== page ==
A NEW report has revealed the kind of television which makes us happy may be not only influenced by age and gender – but also by where you live.
People in the both Burton and South Derbyshire are happiest watching comedy, followed by learning programmes , with telly addicts also watching nearly 10 hours of films each week – the second highest percentage in the UK.
The results have been disclosed as part of TV Licensing’s TeleScope 2013, which charts the nation’s television habits.
It also revealed that the least popular shows were ones concerning religion, such as Songs of Praise, and factual programmes such as Newsnight.
Pipa Doubtfire, head of revenue management at BBC TV Licensing, said: “TeleScope 2013 looks at our emotional connections to the programmes we love, how our favourite TV programmes make us happy and our love for TV.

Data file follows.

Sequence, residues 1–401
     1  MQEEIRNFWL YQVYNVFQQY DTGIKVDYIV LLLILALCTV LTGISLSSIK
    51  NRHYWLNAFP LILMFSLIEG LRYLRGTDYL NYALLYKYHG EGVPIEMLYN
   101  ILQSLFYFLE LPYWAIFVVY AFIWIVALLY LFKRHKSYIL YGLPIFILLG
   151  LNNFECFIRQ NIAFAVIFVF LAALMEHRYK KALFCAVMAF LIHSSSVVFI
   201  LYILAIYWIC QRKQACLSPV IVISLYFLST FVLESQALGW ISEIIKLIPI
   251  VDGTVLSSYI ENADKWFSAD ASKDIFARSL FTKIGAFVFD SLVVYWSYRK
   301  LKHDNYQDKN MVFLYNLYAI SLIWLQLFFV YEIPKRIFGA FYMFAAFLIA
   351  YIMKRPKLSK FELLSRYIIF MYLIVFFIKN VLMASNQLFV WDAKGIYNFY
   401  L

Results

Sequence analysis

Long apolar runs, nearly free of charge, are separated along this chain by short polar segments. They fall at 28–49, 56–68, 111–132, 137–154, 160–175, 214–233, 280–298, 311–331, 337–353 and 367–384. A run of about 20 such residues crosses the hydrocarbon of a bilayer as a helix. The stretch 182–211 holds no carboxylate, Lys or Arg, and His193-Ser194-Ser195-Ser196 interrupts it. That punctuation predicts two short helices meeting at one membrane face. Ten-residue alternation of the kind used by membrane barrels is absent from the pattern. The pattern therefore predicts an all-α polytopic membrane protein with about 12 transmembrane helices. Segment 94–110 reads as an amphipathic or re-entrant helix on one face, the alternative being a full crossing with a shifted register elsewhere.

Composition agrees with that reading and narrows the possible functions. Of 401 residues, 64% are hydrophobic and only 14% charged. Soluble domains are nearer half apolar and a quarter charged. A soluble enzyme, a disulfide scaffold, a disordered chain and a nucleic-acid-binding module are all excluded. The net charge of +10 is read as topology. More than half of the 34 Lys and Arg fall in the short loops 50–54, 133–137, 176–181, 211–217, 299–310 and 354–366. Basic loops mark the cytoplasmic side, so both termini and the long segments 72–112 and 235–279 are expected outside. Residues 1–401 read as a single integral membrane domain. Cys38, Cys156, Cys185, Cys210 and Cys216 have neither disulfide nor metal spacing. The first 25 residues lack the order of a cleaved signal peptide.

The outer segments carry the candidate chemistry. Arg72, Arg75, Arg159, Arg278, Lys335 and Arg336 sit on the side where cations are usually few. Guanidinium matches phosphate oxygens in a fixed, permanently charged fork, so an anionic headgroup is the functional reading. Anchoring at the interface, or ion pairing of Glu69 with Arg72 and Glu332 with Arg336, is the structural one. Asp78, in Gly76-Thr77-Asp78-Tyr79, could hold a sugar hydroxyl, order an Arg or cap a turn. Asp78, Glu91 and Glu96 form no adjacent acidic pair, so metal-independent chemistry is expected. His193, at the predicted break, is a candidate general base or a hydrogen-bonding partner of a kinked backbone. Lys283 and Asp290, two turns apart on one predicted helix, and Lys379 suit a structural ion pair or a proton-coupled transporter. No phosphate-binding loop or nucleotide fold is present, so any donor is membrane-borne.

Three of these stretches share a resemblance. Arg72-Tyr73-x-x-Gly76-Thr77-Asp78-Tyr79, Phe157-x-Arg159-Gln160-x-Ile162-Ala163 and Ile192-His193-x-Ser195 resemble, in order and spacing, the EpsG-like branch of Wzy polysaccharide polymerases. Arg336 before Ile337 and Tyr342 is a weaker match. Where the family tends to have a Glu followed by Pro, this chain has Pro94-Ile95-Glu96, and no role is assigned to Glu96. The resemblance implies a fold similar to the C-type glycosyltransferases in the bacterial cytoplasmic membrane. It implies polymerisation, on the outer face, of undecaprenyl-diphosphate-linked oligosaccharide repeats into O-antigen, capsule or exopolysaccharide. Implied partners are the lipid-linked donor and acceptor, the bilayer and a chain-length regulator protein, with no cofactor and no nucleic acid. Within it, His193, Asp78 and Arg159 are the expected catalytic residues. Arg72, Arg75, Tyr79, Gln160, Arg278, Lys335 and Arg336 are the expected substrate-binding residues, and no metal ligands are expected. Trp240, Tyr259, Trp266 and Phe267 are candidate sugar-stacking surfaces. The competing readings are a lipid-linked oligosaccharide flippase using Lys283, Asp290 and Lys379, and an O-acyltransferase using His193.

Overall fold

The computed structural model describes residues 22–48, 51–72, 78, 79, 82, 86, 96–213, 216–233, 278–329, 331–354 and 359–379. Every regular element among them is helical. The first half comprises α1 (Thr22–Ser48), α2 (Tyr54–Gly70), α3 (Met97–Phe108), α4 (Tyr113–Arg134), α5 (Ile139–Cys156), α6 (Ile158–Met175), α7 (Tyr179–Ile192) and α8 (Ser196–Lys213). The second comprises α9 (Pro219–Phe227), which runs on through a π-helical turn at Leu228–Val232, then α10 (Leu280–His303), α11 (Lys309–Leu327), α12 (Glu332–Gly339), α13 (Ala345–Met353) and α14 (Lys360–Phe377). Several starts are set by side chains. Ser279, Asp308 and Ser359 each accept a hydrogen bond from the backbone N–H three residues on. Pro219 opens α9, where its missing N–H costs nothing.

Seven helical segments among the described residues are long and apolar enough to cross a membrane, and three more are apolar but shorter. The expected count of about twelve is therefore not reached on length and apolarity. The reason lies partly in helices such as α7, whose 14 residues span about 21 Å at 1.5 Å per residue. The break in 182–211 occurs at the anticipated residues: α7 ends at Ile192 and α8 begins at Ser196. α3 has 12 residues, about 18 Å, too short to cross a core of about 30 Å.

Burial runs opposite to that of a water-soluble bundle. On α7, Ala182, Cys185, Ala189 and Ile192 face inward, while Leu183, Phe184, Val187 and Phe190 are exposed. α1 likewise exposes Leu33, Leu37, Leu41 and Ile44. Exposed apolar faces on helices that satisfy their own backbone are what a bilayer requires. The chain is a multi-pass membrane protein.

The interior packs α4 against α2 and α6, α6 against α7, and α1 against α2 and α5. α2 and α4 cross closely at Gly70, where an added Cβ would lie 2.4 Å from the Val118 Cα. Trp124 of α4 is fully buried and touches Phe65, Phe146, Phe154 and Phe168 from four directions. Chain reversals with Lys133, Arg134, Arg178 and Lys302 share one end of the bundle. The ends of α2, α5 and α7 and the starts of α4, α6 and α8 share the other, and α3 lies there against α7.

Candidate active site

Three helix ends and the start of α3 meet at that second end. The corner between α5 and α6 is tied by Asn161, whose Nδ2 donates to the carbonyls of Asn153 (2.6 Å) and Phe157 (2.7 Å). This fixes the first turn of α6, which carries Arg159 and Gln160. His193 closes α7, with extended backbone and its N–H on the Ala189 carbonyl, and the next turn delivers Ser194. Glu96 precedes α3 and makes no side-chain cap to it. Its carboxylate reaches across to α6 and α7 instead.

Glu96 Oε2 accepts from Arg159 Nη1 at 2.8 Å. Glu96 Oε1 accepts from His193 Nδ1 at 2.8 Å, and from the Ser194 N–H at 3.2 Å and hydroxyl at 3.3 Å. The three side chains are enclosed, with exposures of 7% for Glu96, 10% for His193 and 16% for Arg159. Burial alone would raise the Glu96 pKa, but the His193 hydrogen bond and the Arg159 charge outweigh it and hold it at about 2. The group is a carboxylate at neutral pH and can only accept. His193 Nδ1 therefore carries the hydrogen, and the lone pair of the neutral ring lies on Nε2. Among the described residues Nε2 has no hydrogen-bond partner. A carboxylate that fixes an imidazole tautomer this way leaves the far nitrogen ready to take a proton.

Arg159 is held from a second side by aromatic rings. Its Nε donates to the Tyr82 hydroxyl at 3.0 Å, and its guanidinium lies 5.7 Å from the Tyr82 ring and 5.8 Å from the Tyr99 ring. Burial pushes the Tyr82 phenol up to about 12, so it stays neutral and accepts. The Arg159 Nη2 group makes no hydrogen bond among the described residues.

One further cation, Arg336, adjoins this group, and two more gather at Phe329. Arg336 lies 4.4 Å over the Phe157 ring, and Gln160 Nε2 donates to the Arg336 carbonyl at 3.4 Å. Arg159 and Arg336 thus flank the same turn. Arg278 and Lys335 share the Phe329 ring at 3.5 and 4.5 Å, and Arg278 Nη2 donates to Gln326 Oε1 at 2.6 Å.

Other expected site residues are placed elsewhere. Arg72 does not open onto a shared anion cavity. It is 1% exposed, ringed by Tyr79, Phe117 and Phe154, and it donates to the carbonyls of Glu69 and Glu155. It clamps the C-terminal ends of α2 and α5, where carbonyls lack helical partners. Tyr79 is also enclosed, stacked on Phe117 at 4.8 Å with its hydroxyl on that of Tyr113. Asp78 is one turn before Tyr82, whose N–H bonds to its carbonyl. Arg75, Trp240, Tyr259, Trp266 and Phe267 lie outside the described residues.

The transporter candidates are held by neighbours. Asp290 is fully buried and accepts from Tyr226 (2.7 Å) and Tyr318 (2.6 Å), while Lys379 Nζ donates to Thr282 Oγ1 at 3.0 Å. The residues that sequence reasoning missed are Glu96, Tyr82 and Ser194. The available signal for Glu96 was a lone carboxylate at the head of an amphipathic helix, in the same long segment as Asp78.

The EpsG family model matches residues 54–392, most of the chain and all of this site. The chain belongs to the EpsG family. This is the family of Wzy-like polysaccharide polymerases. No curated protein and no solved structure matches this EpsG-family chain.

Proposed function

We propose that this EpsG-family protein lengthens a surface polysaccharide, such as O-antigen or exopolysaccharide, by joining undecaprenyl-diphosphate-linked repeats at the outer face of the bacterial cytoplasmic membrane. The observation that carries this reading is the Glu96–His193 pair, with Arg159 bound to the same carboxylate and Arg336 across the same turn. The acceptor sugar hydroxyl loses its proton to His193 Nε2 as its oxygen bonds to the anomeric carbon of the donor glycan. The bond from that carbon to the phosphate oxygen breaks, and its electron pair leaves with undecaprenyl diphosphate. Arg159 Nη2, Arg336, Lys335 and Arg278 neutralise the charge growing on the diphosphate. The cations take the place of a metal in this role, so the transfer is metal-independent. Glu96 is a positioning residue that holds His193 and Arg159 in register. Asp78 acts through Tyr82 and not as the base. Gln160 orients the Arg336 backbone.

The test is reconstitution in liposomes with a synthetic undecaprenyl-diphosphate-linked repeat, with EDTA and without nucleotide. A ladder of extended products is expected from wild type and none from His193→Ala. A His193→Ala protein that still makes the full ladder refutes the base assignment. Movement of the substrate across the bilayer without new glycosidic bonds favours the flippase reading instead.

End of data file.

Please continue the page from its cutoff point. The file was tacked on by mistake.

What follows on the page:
“In the three years we’ve been producing the TeleScope report, we’ve witnessed remarkable changes in the way viewers consume their favourite TV programmes.”
The survey also showed that people in the area have continued to embrace new technology, with just under 50 per cent of homes now having hard-drive recorder.
It also revealed that a third of people still had a video player set up as part of their home entertainment set-up.
The average household now has 1.83 TV sets, down from an average of 2.3 sets in 2003.
People watch an average of four hours and two minutes of television a day, up from an average of three hours and 36 minutes a day in 2006.
A spokesman for TV Licensing said: “Today’s viewing experience is a mix of live, recorded and catch-up viewing.”
More information is available by visiting www.telehappiness.co.uk